My memories of the Emergency Room are disjointed, full of bursts of pain, needles and oxygen masks, a nurse screaming across me at another patient who wouldn’t stop saying something offensive, a confused, squirrelly cop trying to take a statement from me, my wife crying in a chair at the foot of the bed. And noise. So much noise that I can clearly remember a moment where the noise stopped, no one spoke, no one yelled, no one raced across the room, just the tap tap of computer keyboards. It lasted a few seconds, then the noise exploded again.

I don’t remember the elevator ride up to the second floor, but there I was, more needles, more bizarre pain, but less noise. When Ishtar descended into the underworld to be with Tammuz, she was ritually disrobed at 7 different gates: one for her crown, one for her jewelry, one for her outer robe, and so forth. I expected the same treatment, and though I spent the next three days lying in my shorts and underwear and belt, I did feel more than naked, as though any defense between myself and the world had been stripped away. I am most grateful to all the nurses and aides who took such wonderful care of me, monitoring my pain and my vital signs as the doctors decided how to proceed. They couldn’t be at my side constantly, of course, nor could my lovely wife, and so I came to think of them as guides, lending me strength for my chthonic journey.

My first surgery, to repair my ankle, was scheduled for Saturday. Friends and family visited and made me smile. Doctors asked me questions. I had cat scans, x-rays, and MRIs. My room mate was a man who had lost short term memory and so kept asking me what hospital we were in. At no point, other than when I was waiting to get an x-ray, was I not in the presence of another human being, and yet I have rarely felt more alone. The drugs and the pain and the frequent intrusions of needles and probes and fingers into my body all combined to push me far, far away from the world, and reality broke into shards, like when the film flutters through the projector at the end of the reel.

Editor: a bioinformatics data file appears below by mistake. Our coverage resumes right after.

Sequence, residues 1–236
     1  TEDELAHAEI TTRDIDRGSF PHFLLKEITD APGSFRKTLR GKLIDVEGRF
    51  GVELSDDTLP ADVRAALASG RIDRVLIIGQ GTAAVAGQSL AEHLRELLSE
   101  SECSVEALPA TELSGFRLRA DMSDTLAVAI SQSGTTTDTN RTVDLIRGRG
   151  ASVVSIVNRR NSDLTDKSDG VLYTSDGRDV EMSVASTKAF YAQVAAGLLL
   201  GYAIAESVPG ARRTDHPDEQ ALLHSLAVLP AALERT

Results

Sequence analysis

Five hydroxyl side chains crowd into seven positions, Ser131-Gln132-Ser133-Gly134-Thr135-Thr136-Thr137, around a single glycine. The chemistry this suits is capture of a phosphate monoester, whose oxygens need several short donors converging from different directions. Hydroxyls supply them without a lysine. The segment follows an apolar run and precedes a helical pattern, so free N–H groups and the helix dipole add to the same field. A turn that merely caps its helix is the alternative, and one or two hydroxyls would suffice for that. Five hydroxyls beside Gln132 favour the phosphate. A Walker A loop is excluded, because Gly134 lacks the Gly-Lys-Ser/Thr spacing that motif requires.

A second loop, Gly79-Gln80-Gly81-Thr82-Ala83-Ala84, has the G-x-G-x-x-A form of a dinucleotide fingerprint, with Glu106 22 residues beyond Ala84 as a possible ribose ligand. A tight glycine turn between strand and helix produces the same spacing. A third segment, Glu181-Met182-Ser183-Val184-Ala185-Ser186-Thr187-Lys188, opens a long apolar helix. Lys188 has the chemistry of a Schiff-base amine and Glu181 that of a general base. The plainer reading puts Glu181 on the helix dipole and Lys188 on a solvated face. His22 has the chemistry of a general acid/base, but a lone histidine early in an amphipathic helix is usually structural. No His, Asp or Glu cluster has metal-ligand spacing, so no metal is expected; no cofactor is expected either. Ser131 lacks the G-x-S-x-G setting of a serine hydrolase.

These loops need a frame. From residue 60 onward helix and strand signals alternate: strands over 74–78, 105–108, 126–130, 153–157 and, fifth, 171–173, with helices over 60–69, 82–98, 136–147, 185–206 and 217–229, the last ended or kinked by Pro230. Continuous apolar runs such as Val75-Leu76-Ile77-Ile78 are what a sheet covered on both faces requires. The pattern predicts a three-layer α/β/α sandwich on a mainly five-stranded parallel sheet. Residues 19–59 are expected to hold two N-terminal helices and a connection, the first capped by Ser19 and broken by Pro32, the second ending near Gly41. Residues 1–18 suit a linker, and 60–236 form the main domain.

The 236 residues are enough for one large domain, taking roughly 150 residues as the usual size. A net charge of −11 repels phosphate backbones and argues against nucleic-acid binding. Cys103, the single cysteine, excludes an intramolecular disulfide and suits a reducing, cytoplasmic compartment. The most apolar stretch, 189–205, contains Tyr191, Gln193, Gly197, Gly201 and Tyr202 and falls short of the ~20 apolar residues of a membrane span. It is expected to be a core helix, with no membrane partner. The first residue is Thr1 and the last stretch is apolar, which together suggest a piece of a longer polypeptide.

My identity, too, fell apart at times. After Saturday’s surgery, which I was semi-conscious for, I was given a large dose of pain killers and fell asleep. I woke a few hours later, convinced I was in Japan, which was not unusual, as I had just visited there, but I also had no idea who I was, which was unusual, and scary as hell. I gradually understood enough words on a dry erase board at the end of the bed that my identity began to coalesce, and I knew where I was, but I will never forget the sensation of not knowing, the terror of feeling the absence of identity, and knowing that it was lost.

I was transferred to another hospital for my jaw surgery. I was put in an ambulance at 4:00 am, driven through a thunderstorm severe enough that travel warnings had been issued, then deposited on the seventh floor. Three nurses immediately descended upon me, stripped off my robe, and examined every inch of my body. They flipped me on my side, causing a large abscess on my jaw to burst and fill my mouth with pus, then gave me more pain medication. The sun came up. Doctors visited. More needles. Someone came and pulled my mouth open, tearing the corner of my lips. More pain killers. More pain. The Japanese women’s football team beat the Netherlands.

My last surgery, to put plates into my jaw and wire it shut, was Wednesday, luckily, as we were on a waiting list for the operating room. I woke when they yanked the breathing tube out of my nose, which felt like someone pulling a steam shovel through my nasal cavity. Oddly, I could smell dim sum, even saw a platter of dumplings floating the air. I can only assume someone had eaten something like dim sum recently and I could smell it. I could smell everything, more keenly than I thought possible, and the recovery room was not the best place to acquire that particular superpower.

One more night of recovery, and I was discharged. An aide wheeled me out into the sunlight, out of the underworld, and I sat, waiting for my wife to pull the car around, wondering what my quest had been. I had been pulled apart and remade, had endured a lot of physical pain, and had seen so much good, so much love and care from friends, family, and strangers, it was hard to find any core to the experience. I thought about the men who had attacked me, out of nowhere, rushing from behind, from between buildings, beating me for no reason—why did they do it? I could only think that their lives were similar to the time I had just spent in the underworld: full of bursts of violence and pain and powerlessness, identities tenuous, dependent on pathetic expressions of power, naked as Ishtar, but without all the loving friends and family helping them along. I wished many horrible things upon you, my attackers, and now I see that these wishes for revenge were just as foolish and pathetic as your initial attack on me was, and were motivated by similar desires. And of course, that was my quest all along, to reach this point: I do not like what you did to me, but I forgive you, and if I find you in need, I will help.

Kindness is Never Small

for Tod W.

We were all born, for fuck’s sake, and we all saw through that con,

but some of us figured the con was all, no way out, only fools thought otherwise,

the ones at the other end of the cafeteria with spoons hanging off their noses.

I was always enamored of the gallant dancers, aware of the terrible undertow